|EASE OF TRAINING:|
|GOOD WITH KIDS:|
Doberman Pinscher Appearance:
Often thought of as a guard dog, the proud stance and muscular build of the Doberman Pinscher easily make them one of the most elegant dogs for the job. Their compact bodies are composed of graceful curves and robust muscles. Dobermans have a unique carriage; instead of standing flat on their pads like most dogs, they walk on their toes and have a light-footed, agile gait. They carry large heads with long muzzles and have naturally floppy, pendulant ears. Some owners choose to dock or crop their Doberman’s tail and ears for aesthetic reasons, although this practice is illegal in many countries. The Doberman’s coat can be a wide variety of colors such as black, red, blue, and fawn. Most Dobermans will have rust colored markings around their throat, chest, and muzzle as well as above each eye and on their legs and paws. These coats are short and smooth, needing little grooming, aside from daily brushing. The average Doberman will stand between 25-28 inches tall and can weigh about 75-100 lbs. With proper love and care, Dobermans often live to be 10-13 years old. Very affectionate and loyal, Dobermans quickly become attached to their family and are protective of their home.
Doberman Pinscher Grooming:
Doberman Pinschers have short, sleek coats that are close to the skin. It is not unusual for some to have a light, gray undercoat around the neck. Their short coats only require minimal grooming to help keep excess fur at bay. The shortness of their fur helps the Doberman maintain a clean-smelling coat since odors and debris aren’t easily trapped in their fur. A quick daily rub with a grooming mitt will remove excess fur and help avoid any buildup. Bathing a Doberman too often will strip them of their natural oils; an occasional bath whenever they get into a messy romp outside will be enough to keep them fresh and clean. Periodically wiping their ears out to prevent earwax buildup and infection is recommended for both ear styles. Trimming their strong nails is also a good idea if they don’t wear down naturally through daily activities. Grooming can be a great bonding experience for both owner and dog, so making it a consistent and positive experience is always beneficial.
Doberman Pinscher Temperament:
These dogs are extremely high energy with equally high levels of intelligence. They quickly grow affectionate and protective of their family and will not hesitate to sound the alarm when threatened. Their loyal, loving nature coupled with their intimidating appearance make them excellent guard dogs. Dobermans don’t immediately warm to strangers, but aren’t aggressive unless provoked. Early socialization is important to establish acceptable behavior when meeting new people and dogs. These dogs are very social and thrive on family interactions; including them during daily activities is vital to their mental health. They do not do well when left alone for long periods of time and will quickly turn to destructive behaviors to burn off their excess energy and boredom. Taking them out for daily exercise as well as working with them during training will greatly benefit their health, both mentally and physically. While Dobermans typically will get along well with other animals, they can be aggressive and try to dominate another Doberman of the same sex. Pairing littermates of the opposite sex is usually makes for a dynamic duo. Early socialization is key in preparing the Doberman for cohabitation with other animals. Dobermans typically get along with children, especially ones they know and love. As with any dog breed, it is important to supervise young children during play to ensure they don’t play too rough or agitate the dog.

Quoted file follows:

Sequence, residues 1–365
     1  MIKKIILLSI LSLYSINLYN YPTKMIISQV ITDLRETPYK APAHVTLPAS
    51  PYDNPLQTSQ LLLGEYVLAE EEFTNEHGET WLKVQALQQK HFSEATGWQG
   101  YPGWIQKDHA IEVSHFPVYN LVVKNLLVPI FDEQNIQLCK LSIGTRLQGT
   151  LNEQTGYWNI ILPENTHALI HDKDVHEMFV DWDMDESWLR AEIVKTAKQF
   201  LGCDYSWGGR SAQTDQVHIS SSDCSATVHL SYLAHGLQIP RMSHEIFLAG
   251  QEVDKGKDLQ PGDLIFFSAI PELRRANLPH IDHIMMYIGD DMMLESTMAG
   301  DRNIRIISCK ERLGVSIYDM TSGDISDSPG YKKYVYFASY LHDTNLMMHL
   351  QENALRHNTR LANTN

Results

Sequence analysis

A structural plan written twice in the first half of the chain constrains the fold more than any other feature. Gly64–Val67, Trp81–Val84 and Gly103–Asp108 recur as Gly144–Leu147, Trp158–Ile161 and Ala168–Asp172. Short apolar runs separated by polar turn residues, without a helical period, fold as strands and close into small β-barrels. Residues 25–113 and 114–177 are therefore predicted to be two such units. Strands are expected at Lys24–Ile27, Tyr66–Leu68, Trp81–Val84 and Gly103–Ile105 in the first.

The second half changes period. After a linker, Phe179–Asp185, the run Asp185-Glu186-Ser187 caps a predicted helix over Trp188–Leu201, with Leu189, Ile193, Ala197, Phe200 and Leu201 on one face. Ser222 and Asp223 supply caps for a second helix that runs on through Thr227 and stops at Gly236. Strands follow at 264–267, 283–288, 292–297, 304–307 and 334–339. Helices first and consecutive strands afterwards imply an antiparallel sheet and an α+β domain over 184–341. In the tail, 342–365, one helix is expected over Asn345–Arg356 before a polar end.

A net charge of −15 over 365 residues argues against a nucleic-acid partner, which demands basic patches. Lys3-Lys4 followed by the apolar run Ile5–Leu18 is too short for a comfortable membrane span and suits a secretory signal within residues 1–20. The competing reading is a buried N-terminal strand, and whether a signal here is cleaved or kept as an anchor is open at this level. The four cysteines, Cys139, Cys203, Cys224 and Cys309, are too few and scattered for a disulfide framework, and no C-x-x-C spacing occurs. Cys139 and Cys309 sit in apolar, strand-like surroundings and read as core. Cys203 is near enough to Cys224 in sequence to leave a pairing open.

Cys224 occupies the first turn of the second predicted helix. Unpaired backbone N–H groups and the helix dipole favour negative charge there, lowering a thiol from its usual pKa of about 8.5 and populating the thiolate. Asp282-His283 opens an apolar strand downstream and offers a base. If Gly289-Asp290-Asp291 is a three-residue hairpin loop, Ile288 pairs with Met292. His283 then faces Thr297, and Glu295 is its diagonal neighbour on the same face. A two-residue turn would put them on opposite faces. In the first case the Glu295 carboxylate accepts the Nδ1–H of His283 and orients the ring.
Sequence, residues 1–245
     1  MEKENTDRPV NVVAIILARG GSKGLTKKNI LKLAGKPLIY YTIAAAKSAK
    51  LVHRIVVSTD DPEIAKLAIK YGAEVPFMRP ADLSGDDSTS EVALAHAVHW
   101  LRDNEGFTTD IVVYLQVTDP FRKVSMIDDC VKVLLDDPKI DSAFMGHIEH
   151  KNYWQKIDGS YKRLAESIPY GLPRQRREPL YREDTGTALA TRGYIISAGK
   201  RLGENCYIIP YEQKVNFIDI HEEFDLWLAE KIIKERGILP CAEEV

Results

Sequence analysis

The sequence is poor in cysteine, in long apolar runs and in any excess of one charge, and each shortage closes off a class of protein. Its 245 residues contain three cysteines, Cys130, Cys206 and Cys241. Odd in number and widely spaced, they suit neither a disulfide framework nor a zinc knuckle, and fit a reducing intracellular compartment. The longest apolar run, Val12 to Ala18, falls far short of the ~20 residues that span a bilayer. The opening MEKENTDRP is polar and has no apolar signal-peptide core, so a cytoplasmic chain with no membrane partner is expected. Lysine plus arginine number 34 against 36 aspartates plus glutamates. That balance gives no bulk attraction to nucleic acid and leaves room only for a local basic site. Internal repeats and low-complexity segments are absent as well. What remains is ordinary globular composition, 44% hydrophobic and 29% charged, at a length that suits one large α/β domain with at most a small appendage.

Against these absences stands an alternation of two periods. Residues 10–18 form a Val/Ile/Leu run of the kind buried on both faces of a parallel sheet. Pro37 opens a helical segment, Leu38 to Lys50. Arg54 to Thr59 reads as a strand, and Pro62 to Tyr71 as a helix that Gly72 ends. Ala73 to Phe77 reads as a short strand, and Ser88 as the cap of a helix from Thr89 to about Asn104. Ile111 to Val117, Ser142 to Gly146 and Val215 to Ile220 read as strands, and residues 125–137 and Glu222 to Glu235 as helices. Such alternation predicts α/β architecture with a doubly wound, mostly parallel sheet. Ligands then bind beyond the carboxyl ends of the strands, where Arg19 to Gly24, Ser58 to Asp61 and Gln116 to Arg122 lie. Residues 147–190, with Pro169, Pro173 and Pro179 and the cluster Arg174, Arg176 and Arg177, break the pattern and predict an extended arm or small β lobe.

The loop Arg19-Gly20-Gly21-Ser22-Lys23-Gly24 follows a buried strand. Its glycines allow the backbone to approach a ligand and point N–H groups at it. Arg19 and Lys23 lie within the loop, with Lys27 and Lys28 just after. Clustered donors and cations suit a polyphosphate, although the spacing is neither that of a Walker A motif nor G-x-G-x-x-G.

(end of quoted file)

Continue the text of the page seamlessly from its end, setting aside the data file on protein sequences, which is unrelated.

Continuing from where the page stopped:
Doberman Pinscher Training:
Beginning training with the Doberman in puppyhood will help establish acceptable behavior early on and set them up for positive interactions later in life. Obedience training as well as early exposure to socialization with other people and animals will greatly enhance the Doberman’s demeanor towards others. Their high energy and intelligence levels make them excellent students as long as they are intellectually engaged. They learn quickly and can easily become uninterested with a repetitive lesson pattern. It’s important to keep training lessons mentally stimulating and challenging to prevent the Doberman from getting bored. Positive training sessions are an excellent way for a dog and owner to bond and should be consistent. Irregular training is not very effective and will often result in poorly behaved pooches with a lack of respect for their owners. Staying on a schedule and rewarding good behavior is the best way to ensure lesson retention and establishing the owner’s role as leader of the pack.
Doberman Pinscher History:
During the late 19th century, a tax collector, Louis Dobermann, working in the town of Apolda in the Thuringia district of Germany wanted a dog that could be both a companion and an impressive deterrent for potential thieves. He also was the local dogcatcher and ran the dog pound. His interest in breeding resulted in the early Doberman Pinscher. The exact dog breeds he used for this new breed aren’t certain, but most speculate that the German Pinscher, the Rottweiler, and the Black and Tan Terrier were utilized. Dogs with strong traits of loyalty, strength, intelligence, and ferocity were chosen to establish the Doberman Pinscher’s temperament. Early breeds had sharp, highly aggressive personalities in order to best serve their role as guard dogs. Effective breeding methods throughout the years have greatly reduced their aggressive levels and today’s Doberman Pinschers are very affectionate and loving companion who is protective of their family.
Dobie, Dobermann, Dobynm (in some countries)